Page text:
9 Places For Statistics To Bolster Your Content

9 Places For Statistics To Bolster Your Content

In a previous post, I talked a bit about adding research data and statistics to your content. This helps improve credibility, strengthen your message, and create unique content – in the case when using ready made content.

The problem is, sometimes data is a bit elusive. At the same time there’s also plenty out there. To save you some time, this is a list of resources you can begin your data search with.

Statistic Brain

Love this site. Covers many different topics.


Mostly European data, covering a wide variety of topics and industries. They also have reports for a number of different countries and regions. Interesting stuff.

Google Public Data

This is more of a tool than a data source. It pulls data from a variety of sources and lets you manipulate them to get or view the datasets you want.

Pew Research

An established data research organization with lots of data on a variety of topics. Some fascinating data there.


The U.S. government’s open data tool where you can look up data on a variety of topics like consumer, finance, health, business and more.

The Guardian Datablog

Covering mostly UK and Europe with some North American data thrown in. Presented in well written and interesting formats. Some are even interactive.

Kaiser Family Foundation

Focusing on national health issues, as well as the U.S. role in global health policy. Many interesting health related data here.


Super interesting cost of living data for any country and you can drill down by city. Some countries and cities have more data than others. That’s to be expected. Great tool you can spend hours and get lost in so beware.

Flowing Data

Offers a wide variety of topics. They report on statistics and data published by others, visualize them and also has a section to find data sources.


Whenever I find a new resource, I’ll add to this list. Which means this is a living, growing list. If you want to keep up with it, stay tuned to our emails, Tweets, and Facebook posts.

Marketing Charts

As it’s name suggests, it’s focused on marketing only, but it covers B2B, B2C. A variety of topics from email marketing, videos and even includes some non-US data.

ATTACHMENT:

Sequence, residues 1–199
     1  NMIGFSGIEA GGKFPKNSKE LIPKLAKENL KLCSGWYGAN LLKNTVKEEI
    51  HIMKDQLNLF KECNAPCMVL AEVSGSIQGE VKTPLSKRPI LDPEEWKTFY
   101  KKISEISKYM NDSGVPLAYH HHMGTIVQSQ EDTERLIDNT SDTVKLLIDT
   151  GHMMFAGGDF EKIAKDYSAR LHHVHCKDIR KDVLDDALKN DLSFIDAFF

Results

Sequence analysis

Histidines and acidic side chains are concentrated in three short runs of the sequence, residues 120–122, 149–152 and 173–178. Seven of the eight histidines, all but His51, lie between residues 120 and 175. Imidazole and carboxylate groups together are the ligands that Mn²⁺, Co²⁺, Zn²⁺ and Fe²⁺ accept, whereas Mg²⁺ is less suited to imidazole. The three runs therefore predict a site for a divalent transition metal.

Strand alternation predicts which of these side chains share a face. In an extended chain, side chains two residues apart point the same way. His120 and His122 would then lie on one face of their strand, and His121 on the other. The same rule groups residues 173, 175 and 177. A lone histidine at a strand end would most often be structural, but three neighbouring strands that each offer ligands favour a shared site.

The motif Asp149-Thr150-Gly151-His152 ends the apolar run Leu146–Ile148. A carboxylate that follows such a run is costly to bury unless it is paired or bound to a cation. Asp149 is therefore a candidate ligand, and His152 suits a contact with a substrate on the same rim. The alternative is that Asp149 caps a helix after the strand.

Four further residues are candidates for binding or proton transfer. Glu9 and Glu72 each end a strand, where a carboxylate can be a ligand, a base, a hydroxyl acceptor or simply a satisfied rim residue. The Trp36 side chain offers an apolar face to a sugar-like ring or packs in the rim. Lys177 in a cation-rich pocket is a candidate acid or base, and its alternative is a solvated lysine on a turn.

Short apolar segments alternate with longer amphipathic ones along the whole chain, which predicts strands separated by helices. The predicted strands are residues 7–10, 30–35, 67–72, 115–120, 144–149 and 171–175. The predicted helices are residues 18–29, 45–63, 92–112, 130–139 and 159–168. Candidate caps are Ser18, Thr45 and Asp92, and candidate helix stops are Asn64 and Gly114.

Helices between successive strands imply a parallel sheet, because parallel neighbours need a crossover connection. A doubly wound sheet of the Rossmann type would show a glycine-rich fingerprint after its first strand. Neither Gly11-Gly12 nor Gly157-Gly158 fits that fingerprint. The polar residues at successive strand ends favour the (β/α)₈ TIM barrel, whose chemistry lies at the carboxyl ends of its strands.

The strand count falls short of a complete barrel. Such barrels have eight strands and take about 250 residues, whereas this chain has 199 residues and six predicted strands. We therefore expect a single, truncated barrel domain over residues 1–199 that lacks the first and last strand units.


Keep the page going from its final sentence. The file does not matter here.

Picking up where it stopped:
And there is it. Not the most comprehensive and I understand it is heavily skewed to U.S. statistics. This could be due to my location and the searches I’ve done naturally surface local data.

Do You Want A Hands-Free Business?

Then get this guide to help you systemize your business so you'll have more time working on your business.


Hey! I want to make sure you know what you're getting here. In addition to the guide, you will also receive our memo that includes special offers, announcements and of course actionable information.

Terms and Conditions checkbox is required.
Something went wrong. Please check your entries and try again.
Facebook Comments


  1. Paul Taubman on May 31, 2016 at 1:56 pm

    Great list, Lynette!

    Being able to give a statistic add more value and credibility to your post (which reflects on your credibility as well). Rather than saying, “A lot of people like ice cream” when you back it up with “93% of Americans like ice cream” you make a stronger case!

    When you share statistics and provide the source, people take you even more serious. Building on that last example, “According to Data.gov, 93% of Americans like ice cream” you know speak as an authoritarian!

    Thanks for the sources!

    • Lynette on May 31, 2016 at 9:49 pm

      Exactly Paul! Thanks for stopping by.

  2. Viviane on June 1, 2016 at 2:39 pm

    I agree, stats are probably the easiest way to add weight to an article. Thanks, Lynette!

  3. Bo on July 14, 2016 at 7:22 pm

    Thanks Lynnette, for sending me the link to this page.
    I started a folder for stats sites that I could go to and access for more credibility.
    Appreciate this.

    • Lynette on July 14, 2016 at 8:30 pm

      You are so welcome! If you think there’s any good ones we should add, let me know.